There’s plenty of coverage for this year’s Bumbershoot Music Festival up on the interwebs discussing the best musical sets to catch or the local acts that deserve your attention, and we’ll absolutely be blabbing all about those things throughout the festival and beyond as well. For our preview though, we wanted to talk about some of the hidden awesomeness beyond the music.
I’ll be covering as both photographer and writer this year and as a food photographer, this new addition to Bumbershoot caught my attention. I’m excited that local chefs are being brought into new opportunities like this, especially to a huge crowd of people that may or may not imbibe in local fare all that often beyond their own neighborhoods. Dan Bugge of Matt’s in the Market and Radiator Whiskey has curated a new area of Bumbershoot’s food offerings. I’m excited to see Little Uncle on the list of restaurants sharing their fare as well as Bock a Bok Korean Fried Chicken (which I have yet to taste, but drool for it none-the-less). I’m annoyed that there is incredibly little information about this “event” beyond what I just described. From what I can tell, it’s simply a fenced-off area where more unique eats are available to Bumbershoot ticket holders. You still have to pay for the food, but I don’t believe there are any separate tickets involved (like the some other nightmarish food-related events in Seattle Center). We’ll see what all the fuss is about!
Last year the Seattle, Havana, Tehran Poster Show was one of the highlights of my Bumbershoot. I had a secondary relationship with them photographing the space and the show once it was live, but after the fact I had a chance to browse through all the posters and I loved it. While the posters were created by artists from the three aforementioned cities, they all had a similar theme. The love of music and the inseparable bond and interconnectedness that visual and aural art have. That being said, this year’s installation is created by the local visual artist Ryan Molenkamp. He’s been featured in several PNW outlets, had several gallery locations and is currently being featured in the Portland gallery Duplex. Unfortunately there’s not a whole lot of information about him or his work available on the Bumbershoot site, but it’s on our list.
This production, held in the Center Theater, looks intriguing and intimate. Actor Mik Kuhlman performs in and around a seemingly fragile and transparent silk “house” that revolves around a house fire but also discusses themes of chaos, homelessness, and change. It has been a while since I’ve taken time to sit down and enjoy anything that entertains me longer than 30 minutes (minus the commercials) so some quiet time outside of my own head sounds fantastic, even if it is about darker subject matter.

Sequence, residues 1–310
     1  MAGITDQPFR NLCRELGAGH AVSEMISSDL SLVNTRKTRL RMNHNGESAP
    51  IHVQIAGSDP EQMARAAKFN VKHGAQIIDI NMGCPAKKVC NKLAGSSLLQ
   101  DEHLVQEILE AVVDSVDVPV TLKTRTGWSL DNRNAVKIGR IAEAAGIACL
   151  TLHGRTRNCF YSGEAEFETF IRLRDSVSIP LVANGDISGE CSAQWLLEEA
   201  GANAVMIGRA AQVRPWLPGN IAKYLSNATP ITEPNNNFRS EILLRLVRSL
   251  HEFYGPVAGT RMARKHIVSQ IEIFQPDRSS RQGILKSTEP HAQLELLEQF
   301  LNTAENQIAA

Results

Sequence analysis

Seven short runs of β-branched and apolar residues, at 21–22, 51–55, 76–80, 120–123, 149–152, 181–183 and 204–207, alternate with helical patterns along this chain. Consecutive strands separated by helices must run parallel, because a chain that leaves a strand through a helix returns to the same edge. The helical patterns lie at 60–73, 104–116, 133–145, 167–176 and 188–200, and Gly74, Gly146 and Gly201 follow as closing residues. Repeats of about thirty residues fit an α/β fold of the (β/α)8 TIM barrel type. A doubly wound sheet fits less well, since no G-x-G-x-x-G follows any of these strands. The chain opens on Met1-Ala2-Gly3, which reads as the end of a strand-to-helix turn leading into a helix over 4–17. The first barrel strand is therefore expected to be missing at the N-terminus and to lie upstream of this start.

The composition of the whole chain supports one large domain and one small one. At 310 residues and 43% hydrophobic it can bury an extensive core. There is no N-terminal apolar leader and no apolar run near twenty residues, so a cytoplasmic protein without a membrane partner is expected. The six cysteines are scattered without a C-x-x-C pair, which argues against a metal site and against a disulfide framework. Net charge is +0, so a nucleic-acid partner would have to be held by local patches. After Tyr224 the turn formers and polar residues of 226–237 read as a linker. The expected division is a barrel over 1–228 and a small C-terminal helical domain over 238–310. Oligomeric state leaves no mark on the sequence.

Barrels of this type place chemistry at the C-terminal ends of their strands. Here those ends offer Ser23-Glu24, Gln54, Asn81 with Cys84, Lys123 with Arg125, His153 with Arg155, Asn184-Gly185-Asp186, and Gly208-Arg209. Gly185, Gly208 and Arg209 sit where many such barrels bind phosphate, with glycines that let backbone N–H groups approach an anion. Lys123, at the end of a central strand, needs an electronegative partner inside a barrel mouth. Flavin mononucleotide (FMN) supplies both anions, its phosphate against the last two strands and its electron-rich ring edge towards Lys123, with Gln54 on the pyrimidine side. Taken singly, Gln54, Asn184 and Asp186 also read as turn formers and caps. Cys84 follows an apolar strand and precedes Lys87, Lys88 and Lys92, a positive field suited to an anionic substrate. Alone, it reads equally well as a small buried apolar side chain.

This isn’t really an event during the festival weekend, but is equally interesting to us. It’s something I hadn’t heard about before, but I wouldn’t be surprised if it was simply something that I had glossed over when reading through the festival site in the past. It turns out that even if you decide not to go to Bumbershoot, or if you have a few extra bucks and love sharing music with others, then you can help send a child and their family to Bumbershoot. It’s not just any random kids, its families that wouldn’t otherwise be able to afford going… which, to be honest, there are sadly more and more of lately. Seattle isn’t cheap to live in and luxuries like tickets to a music festival don’t fit into the average Seattleite’s budget. If you’re so inclined, it’s a great way to spend a buck.
Flatstock – This is a welcome staple of Seattle’s biggest music festival. Since its inception, I’ve made a point of stopping for at least an hour (hopefully twice that) to catch up on all the local artists’ creations. I’m always excited to see the new work available, and even more so the new artists cropping up selling their wares. I may stop by and ask my favorites a few questions about their experience being a part of Flatstock.
Teatro Zinzanni – Added to Bumbershoot this year, but being outside of the official Seattle Center grounds makes it a little more difficult to catch unless you make it a priority.
Pottery Northwest – While it looks like this is mostly another art installation there’s also a cryptic description of “and an amazing spectacle outside on the Festival grounds”. What does that even mean? Sadly a lot of the festival opportunities outside of musical acts have vague explanations like this. This may simply be due to the people involved (outside of AEG/Bumbershoot folks) didn’t provide info… either way, it’s pretty annoying.
Balloon Chain – Similarly cryptic description on the Bumbershoot site but it seems to be the same kind of thing as the glowing “Bumbershoot” sign from last year. They’re essentially decoration that they decided to add as an “event” during the festival. It sounds pretty, especially when their lit up at night I guess?
SIFF showings – Taking from audience award winners, Northwest-specific films, and family films among others from the Seattle International Film Festival, One Reel is still slightly involved in the festival this year curating film; exactly what they should be putting their efforts toward.